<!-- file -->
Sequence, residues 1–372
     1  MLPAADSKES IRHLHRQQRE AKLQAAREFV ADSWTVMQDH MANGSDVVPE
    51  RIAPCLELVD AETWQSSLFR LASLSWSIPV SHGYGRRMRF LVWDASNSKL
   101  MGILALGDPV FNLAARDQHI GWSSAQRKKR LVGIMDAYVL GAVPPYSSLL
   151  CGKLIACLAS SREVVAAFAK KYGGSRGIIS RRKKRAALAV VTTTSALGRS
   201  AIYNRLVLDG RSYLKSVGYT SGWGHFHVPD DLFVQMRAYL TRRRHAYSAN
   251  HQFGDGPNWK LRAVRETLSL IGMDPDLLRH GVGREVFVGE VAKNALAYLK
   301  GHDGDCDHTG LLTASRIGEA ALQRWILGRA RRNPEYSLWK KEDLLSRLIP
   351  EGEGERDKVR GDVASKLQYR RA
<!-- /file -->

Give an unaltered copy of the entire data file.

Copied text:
Sequence, residues 1–372
     1  MLPAADSKES IRHLHRQQRE AKLQAAREFV ADSWTVMQDH MANGSDVVPE
    51  RIAPCLELVD AETWQSSLFR LASLSWSIPV SHGYGRRMRF LVWDASNSKL
   101  MGILALGDPV FNLAARDQHI GWSSAQRKKR LVGIMDAYVL GAVPPYSSLL
   151  CGKLIACLAS SREVVAAFAK KYGGSRGIIS RRKKRAALAV VTTTSALGRS
   201  AIYNRLVLDG RSYLKSVGYT SGWGHFHVPD DLFVQMRAYL TRRRHAYSAN
   251  HQFGDGPNWK LRAVRETLSL IGMDPDLLRH GVGREVFVGE VAKNALAYLK
   301  GHDGDCDHTG LLTASRIGEA ALQRWILGRA RRNPEYSLWK KEDLLSRLIP
   351  EGEGERDKVR GDVASKLQYR RA